In the summer of 2013, our daughter left her diapers for more colorful and musical alternatives. She’s four and a half now and has moved on, viewing these artifacts as a stage in her life she knew must have happened because of the photographic evidence, but one rooted in family lore. Bottles. Diapers. Sleeping with her mama and papa. A world without dresses and tutus, light up shoes, or her own big girl bed.
Cardboard boxes are revered in this house. Kavya’s little brother, Shaiyar Singh, is ten months old and something of a cardboard box connoisseur. He’ll play with shoe boxes out of politeness, but give him a humongous Pampers Box and it’s a party. Often, Kavya will abandon her toys and dolls and dress up gear for the cardboard boxes Shaiyar is having much more fun with, because who wants to miss out on having fun? Nobody, that’s who. We’re spending the Christmas holidays in Puerto Rico this year and I’m pretty sure we’ll have to postpone that trip if a good cardboard box comes along.
Over the weekend, joy spread throughout the house as it was EMPTY PAMPERS BOX DAY! We spent hours using the box for its intended purpose, starting with Kavya putting it on Shaiyar Singh’s head and watching him violently take it off, examine it, attempt to eat it. Then putting the box on our head to enact various Star Wars characters beyond the obvious R2D2. This takes a bit of imagination and consists of this general blueprint for fun: first put the box on your head. Then use a line from a Star Wars character with minimal ad libbing because words are important. Mine is usually, “Luke, I am your father.” Kavya says, “hello, I’m princess Leia.” The fact most of the characters don’t have masks or covered faces is an insignificant fact. Unfortunately, I didn’t take any photos of this as I was busy living my life. Next time.
The day ended with an ill-fated attempt at all four of us sitting inside the box (Kavya insisted it was big enough). Sunday evening arrived, along with that dreaded moment where we transition into Monday mode in a deluded attempt at home organization. Me and Kavya have just taken the garbage out and are grumbling about how there are plastic grocery bags all over the place that it makes it difficult to find the tall garbage bag we need.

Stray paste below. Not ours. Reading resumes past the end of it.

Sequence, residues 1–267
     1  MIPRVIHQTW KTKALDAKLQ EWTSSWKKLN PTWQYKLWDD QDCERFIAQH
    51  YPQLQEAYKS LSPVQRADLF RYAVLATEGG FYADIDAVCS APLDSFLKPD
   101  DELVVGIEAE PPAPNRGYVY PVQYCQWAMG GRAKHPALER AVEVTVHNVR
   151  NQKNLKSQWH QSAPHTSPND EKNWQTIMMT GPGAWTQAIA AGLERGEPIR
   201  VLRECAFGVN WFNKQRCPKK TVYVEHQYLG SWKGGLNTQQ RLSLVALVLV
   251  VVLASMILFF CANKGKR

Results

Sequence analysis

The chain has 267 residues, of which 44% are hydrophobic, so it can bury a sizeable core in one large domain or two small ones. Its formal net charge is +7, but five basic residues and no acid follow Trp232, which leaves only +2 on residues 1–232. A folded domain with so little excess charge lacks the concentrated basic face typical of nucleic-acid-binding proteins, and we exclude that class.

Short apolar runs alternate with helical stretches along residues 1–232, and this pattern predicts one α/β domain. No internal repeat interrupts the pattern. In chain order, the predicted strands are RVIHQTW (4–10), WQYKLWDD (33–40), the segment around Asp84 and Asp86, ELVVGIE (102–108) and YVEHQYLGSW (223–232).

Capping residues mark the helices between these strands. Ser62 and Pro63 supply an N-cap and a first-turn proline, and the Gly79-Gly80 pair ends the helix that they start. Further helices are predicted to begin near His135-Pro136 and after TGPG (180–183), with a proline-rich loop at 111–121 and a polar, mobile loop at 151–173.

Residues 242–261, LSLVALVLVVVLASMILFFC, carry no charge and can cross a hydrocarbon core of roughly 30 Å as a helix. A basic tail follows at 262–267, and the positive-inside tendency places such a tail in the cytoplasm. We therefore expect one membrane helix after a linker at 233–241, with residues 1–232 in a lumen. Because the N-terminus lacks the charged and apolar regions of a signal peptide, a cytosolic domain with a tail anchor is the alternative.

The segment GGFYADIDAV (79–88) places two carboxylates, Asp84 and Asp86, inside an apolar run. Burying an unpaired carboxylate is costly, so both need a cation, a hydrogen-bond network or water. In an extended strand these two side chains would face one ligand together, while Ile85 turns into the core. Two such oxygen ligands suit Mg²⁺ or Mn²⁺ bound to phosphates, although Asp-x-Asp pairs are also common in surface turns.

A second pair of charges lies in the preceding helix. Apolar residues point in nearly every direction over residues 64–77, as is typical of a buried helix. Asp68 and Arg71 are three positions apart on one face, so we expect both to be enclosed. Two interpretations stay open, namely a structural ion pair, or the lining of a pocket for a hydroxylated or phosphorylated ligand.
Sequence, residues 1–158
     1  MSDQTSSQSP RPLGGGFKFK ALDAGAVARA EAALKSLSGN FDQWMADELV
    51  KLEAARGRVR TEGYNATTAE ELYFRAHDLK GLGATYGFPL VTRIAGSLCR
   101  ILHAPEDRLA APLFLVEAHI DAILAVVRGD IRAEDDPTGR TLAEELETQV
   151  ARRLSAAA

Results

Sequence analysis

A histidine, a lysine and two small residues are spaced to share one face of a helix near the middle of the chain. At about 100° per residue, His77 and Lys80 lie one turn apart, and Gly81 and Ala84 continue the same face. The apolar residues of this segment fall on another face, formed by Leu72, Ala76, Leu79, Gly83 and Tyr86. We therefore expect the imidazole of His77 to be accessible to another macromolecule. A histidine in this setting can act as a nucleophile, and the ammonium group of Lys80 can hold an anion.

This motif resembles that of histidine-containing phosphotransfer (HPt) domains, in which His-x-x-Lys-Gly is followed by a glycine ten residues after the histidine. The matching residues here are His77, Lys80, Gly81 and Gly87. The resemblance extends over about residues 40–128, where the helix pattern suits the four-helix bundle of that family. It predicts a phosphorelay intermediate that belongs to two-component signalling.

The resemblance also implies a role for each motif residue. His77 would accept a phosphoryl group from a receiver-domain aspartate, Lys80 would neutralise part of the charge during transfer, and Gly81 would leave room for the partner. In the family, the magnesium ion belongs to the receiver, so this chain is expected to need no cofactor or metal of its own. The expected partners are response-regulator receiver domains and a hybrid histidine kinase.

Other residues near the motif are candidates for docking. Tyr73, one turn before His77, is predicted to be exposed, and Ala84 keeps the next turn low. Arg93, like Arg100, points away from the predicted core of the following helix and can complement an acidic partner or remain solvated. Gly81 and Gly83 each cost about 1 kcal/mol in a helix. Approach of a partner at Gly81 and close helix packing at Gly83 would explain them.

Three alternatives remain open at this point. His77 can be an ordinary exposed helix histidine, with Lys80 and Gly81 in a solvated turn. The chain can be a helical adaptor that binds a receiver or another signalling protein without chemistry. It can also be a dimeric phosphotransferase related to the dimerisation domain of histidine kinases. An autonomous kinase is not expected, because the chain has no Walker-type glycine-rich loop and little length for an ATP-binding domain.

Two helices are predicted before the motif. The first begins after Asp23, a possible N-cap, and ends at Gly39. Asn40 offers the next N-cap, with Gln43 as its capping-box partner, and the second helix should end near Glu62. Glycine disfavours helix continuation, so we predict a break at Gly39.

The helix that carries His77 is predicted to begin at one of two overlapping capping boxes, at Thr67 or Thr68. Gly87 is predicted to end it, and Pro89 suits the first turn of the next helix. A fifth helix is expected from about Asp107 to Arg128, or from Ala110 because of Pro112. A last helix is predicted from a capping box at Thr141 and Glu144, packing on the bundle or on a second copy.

A lightbulb appears above my head. I didn’t see it happen, but I distinctly felt warmth on my hair and the heater wasn’t on. You explain that as anything other than a lightbulb over your head.
Instead of throwing the awesome Pampers box away, me and Kavya made a functional grocery bag dispenser with smiley faces on it using a knife, a piece of velcro, tape, wrapping paper, and pure creative brilliance that cannot be bought at Art School. In case it is unclear, we are a family of ARTISTS. Here are the three steps needed to make it, but remember, only do this AFTER you have finished playing with the box. I mean, your children. Of course that’s what I meant.
Tape up the front of the box. Cut a large rectangle on top, where the grocery bags will be go. An exacto knife is the obvious choice, but anything works.
Find a small child. Show them how amazing you are at cutting complex shapes into a cardboard box. Wait for them to be convincingly impressed before proceeding to the next step. This may take a while. Withhold basic “rights,” like food, water, television. Threaten to send them to school in grey sweatpants.
Cover with wrapping paper. If attaching to the wall, use a strip of velcro and stick on the back. The box, even when filled with plastic bags, will not be too heavy.
Gather the family. Tell them to share it widely on social media with the hashtag #bestcardboardartistpapaever. Once the image and hashtag inevitably go viral, ask for compensation, pretending not to understand how hashtag monetization works.